This subproject is one of many research subprojects utilizing the resources provided by a Center grant funded by NIH/NCRR. The subproject and investigator (PI) may have received primary funding from another NIH source, and thus could be represented in other CRISP entries. The institution listed is for the Center, which is not necessarily the institution for the investigator. The overall aim of the project is to develop procedures whereby adult stem cells from the bone marrow stroma can be used for trials of gene therapy in non-human primates. The adult stem cells, referred to as mesenchymal stem cells or marrow stromal cells (MSCs), are of interest for cell and gene therapy because they can readily be obtained from a patient, expanded in culture, genetically engineered with or without the use of viruses, and then returned for therapy of the same patient. They are also of interest because they home to damaged tissues and differentiate to replace the damaged cells in the tissues. The cells are currently being tested in many small animal models of human diseases and several promising clinical trials with the cells have been initiated in rare diseases in children. However, extensive trials of the cells in non-human primates are clearly essential for some of the currently proposed applications to common diseases such as osteoporosis, cardiac failure, Parkinsonism, leukodystrophies, and Alzheimer's disease. The goals of the proposal are: Specific Aim. Compare the primate MSCs to human MSCs in vivo in their ability to engraft into multiple tissues after systemic or intracranial infusion into immunodeficient mice. These studies are currently ongoing. We have injected human and rhesus bone marrow and adipose tissue derived MSCs into the CNS of NIHIII and Twitcher (Krabbe-affected) mice, using stereotaxic delivery. We are currently assessing engraftment and differentiation of these cells in the CNS. Data from the immune deficient mice indicate the cells engraft, persist for as long as 180 days and undergo moderate differentiation along neural lineages. Direct injection of MSCs (derived from bone marrow and adipose tissue) into the lateral ventricles of the brains of Twitcher mice is currently being collected. To date, we have demonstrated a statistically significant increase in life span in Krabbe-affected animals. The primary mechanisms by which the cells appear to mediate the effect is through suppression of the inflammatory pathways associated with the disease.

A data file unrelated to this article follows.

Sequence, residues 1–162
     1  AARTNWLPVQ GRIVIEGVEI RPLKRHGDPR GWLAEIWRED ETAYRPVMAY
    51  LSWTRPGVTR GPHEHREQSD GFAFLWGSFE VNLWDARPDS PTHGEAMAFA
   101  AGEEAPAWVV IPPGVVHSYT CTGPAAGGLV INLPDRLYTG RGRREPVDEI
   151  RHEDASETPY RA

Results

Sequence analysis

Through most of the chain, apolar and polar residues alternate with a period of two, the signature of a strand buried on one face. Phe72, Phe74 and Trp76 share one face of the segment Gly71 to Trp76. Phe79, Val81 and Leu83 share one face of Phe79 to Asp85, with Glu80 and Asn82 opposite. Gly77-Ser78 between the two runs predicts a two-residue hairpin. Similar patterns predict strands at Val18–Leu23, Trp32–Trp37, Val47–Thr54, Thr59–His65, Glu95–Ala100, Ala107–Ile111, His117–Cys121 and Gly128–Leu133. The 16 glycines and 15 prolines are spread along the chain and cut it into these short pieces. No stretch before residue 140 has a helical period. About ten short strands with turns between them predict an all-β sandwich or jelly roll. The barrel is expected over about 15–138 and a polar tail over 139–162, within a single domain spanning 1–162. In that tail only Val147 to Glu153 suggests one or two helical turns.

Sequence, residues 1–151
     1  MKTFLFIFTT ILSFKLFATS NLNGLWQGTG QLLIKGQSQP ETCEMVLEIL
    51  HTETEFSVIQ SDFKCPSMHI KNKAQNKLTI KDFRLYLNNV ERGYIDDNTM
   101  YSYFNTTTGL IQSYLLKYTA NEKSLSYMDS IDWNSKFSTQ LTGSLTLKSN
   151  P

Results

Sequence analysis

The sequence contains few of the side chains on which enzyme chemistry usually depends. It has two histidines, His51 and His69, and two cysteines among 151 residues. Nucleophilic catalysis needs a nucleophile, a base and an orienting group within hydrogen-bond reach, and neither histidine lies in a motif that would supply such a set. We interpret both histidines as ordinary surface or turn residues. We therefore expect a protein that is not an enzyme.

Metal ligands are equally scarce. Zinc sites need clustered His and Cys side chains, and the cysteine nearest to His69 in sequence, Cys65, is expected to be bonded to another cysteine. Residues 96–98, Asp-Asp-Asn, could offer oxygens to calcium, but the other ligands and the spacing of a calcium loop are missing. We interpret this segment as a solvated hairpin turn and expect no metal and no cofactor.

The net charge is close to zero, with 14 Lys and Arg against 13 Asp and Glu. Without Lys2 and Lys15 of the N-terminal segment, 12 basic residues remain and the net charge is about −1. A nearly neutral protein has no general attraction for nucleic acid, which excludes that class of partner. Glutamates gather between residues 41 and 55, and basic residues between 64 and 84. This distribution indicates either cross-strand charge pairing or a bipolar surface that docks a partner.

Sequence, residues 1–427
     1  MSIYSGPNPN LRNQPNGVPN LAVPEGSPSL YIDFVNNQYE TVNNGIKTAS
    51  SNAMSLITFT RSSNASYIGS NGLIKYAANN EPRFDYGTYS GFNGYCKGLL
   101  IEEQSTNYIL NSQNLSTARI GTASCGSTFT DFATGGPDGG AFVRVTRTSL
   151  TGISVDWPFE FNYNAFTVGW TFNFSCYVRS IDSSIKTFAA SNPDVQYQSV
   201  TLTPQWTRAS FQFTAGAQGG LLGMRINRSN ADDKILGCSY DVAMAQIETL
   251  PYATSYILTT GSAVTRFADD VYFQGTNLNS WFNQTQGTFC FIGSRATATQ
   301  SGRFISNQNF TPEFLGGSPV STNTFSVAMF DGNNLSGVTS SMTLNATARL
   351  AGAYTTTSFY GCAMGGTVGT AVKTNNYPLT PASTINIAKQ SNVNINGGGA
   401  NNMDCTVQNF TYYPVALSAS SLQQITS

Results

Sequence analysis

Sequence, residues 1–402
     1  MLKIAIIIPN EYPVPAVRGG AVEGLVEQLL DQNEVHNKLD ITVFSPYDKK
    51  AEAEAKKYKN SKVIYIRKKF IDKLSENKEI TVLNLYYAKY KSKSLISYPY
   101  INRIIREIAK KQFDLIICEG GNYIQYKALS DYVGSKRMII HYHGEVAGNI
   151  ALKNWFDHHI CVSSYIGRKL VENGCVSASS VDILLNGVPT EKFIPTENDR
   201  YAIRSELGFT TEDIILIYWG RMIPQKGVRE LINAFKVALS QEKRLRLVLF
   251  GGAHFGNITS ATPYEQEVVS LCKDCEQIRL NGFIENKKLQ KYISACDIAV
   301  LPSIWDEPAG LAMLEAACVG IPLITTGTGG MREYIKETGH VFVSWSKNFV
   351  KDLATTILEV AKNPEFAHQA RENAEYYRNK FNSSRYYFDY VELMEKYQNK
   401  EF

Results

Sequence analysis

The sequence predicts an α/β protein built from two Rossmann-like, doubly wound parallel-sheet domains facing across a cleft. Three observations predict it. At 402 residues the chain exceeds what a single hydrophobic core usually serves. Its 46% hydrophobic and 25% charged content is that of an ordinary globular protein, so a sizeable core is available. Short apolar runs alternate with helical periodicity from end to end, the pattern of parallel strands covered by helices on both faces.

|Effective start/end date||1/05/09 → 30/04/11|
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